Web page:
The shindig went down at Salon Tress. In addition to stupefyingly great readings by the other participants Rachel McPadden, Katie Rife, Nithin Kalvakota, Dan Gleason, Gregory Jacobsen, Bob Goblin—as well as reality metal air guitar virtuosity by Nordic Thunder and Cannonball Mavin—I read the following compositions.
1. Rosemary’s Brooklyn Baby
The film Rosemary’s Baby debuted in theaters on June 12, 1968. I was a mere womb banger at the time, waiting to debut myself two months and nine days later.
The woman brewing me in utero, Moms McBeardo, was a stick-skinny blonde with wide blue eyes who already bore resemblance to Mia Farrow, the Rosemary of Rosemary’s Baby.
Since Moms was hugely pregnant when the movie came out, fri ends and strangers alike commented on how much she looked like Mia. Her choice to sport a boy’s haircut, as Ms. Farrow famously did on screen, and don psychedelic print maternity frocks of the day only further drove home the doppelgangerism— AND THEN SHE FLIPPED HER PIXIE-CUT EVERY TIME PEOPLE POINTED OUT THE RESEMBLANCE!
This is akin to a knuckledhead who used to drink at a bar I frequented called Dowtown Beirut. He was fat guy with a huge jet-black pompadour, who’d wear giant wraparound sunglasses, and he’d order drinks with a southern accent and then say, “Thankyu vurrrry muchhh.” Every so often, you’d be sitting there, and all of a sudden you’d hear this goofball explode, “DON’T CALL ME ELVIS!”
This characteristic of Moms’s, however, is telling. She certainly passed it on to me. By age four, I was a full-blown fanatic of Dracula and Frankenstein and their ilk and it large part it was because they TERRIFIED me. I’d stock my bedroom with scary posters and fright masks, then I’d lie awake, petrified at the reality I MADE of being stuck alone in a den of monstrosities.
And that’s not even counting the fact that, from infancy onward, an image of Satan hung on my wall. He was getting his horned skull stomped by St. Michael the Archangel, but still…. And who placed that picture there? Who else? My own blessed mother.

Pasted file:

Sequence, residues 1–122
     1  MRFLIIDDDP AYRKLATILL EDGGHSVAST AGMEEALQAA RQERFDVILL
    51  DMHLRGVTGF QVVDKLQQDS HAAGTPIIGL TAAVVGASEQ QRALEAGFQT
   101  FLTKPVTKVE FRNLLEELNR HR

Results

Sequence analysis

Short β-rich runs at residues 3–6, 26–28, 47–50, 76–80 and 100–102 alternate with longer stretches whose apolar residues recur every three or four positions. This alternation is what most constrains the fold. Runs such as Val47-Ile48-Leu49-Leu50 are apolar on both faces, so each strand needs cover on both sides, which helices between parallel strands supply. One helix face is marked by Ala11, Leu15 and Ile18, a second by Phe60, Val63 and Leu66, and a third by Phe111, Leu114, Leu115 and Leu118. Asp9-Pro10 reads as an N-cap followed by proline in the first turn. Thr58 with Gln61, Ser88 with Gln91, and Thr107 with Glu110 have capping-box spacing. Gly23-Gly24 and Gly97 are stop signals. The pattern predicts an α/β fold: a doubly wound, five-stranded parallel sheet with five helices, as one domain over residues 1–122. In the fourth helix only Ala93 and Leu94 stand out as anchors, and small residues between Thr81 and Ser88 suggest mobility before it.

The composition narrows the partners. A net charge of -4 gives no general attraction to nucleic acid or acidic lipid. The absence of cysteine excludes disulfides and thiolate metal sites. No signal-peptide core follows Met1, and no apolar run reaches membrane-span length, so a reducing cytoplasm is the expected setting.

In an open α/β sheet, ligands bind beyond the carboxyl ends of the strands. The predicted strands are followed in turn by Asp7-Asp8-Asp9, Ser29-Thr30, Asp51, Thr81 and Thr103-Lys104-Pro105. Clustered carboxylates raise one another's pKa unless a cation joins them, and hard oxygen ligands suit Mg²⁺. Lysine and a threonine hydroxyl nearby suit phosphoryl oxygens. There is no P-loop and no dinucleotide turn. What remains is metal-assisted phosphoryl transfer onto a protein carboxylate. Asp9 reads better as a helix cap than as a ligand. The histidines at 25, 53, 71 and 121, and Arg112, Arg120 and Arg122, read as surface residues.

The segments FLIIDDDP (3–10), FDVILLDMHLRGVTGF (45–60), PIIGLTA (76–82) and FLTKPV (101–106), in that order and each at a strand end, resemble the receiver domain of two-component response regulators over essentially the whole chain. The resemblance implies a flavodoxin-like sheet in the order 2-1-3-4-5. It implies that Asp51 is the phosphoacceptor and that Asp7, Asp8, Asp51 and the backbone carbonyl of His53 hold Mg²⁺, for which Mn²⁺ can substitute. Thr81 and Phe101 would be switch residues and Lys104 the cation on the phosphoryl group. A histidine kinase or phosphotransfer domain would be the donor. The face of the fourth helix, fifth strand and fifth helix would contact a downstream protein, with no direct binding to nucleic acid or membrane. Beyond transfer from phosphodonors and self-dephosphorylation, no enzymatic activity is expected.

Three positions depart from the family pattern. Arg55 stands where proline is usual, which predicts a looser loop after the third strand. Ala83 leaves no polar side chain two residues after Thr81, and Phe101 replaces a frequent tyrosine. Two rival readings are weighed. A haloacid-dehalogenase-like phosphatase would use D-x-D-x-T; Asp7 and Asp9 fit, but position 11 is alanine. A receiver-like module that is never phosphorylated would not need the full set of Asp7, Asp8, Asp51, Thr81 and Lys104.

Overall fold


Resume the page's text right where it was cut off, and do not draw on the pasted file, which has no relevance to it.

HAIL LIL’ SATAN!
2. One Tin Boner
During a 1977 folk mass at my fantastically cool Uncle Freddie’s church in Cedar Grove, New Jersey the congregation sang “One Tin Soldier”. It was the theme song from the drive-in masterpiece Billy Jack and had since become massive pop radio hit. The words say there won’t be any trumpet blowin’, but the church actually had a trumpet blower that day.
Prior to that, the name group that performed “One Tin Soldier” always freaked me out Coven and with good reason: they were called Coven and they were the actual first Satanic rock band!
I’ve long lamented the ’70s brand of post-Vatican II Catholicism in which I was raised. Gone was the blood-and-thunder Son of a Vengeful God Jesus; now the Savior was like this Divine Flower Child who just loved the little children of the world. And in place of black-clad priests swinging incense and chanting in Latin, we now had groovy nuns strumming acoustic guitars under felt banners of fish and rainbows.
Some Garden State usurper snuck a taste of the Old One True Faith into the liturgy that day though, by way of a band whose debut album is titled Witchcraft Destroys Minds and Reaps Souls—again, a position with which the Church of Rome would hardly be at odds.
“One Tin Soldier” lays out a thoroughly Biblical tale of greed-driven genocide in the name of hypocritical righteousness.
“Go ahead and hate your neighbor/Go ahead and cheat a friend/Do it in the name of Heaven/You can justify it in the end…”
The gravity of the words never struck me until, at age eight, I read the lyrics off the mimeographed hymnal.
Eight years old or not, that’s some heavy shit, man.
The song condemns humanity wholesale as evil and irredeemable. It damns us. It really, really damns us. Just like the Church used to. It felt so damned good to be damned DAMNED that morning.
Years later, I’d try to revive that feeling of giddy perdition while making love to a photo of Coven singer Jinx Dawson in the gatefold of that Witchcraft album.
The Nordic blonde sorceress and Indiana native is splayed out nude as a human altar during a Satanic black mass. Many a sacrifice have I made to Jinx Dawson’s graven image.
Just recently, the Chicago Sun-Times ran a photo of me with an interview regarding IF YOU LIKE METALLICA. I’m wearing a Coven t-shirt in it, emblazoned with that very naked black mass photo.
Jinx herself wrote to me on Facebook:
“My Dearest Mike: I was so aroused to see thee wearing that irreverent Coven t-shirt. Thou art truly most wicked!”
So all’s well that’s ends well in a puddle at your feet. And then in a sock.
HAIL JINX! HAIL BILLY! HAIL THE KIDS AT THE FREEDOM SCHOOL!
3. KISS Your Pants
KISS scared the piss out of me on The Midnight Special in 1978. Not instantaneously—I didn’t just explode urine on the spot as I watched Gene Simmons spit blood and Wolfman Jack go, “All right, babies! Yeah! Spittin’ blood, babies! Allriiight! Breathing fiiii-yah! Yeah! Ahwoooo!”—but I immediately turned the TV off and went to bed, praying to not think about KISS. I awoke in the morning with soaked pajamas.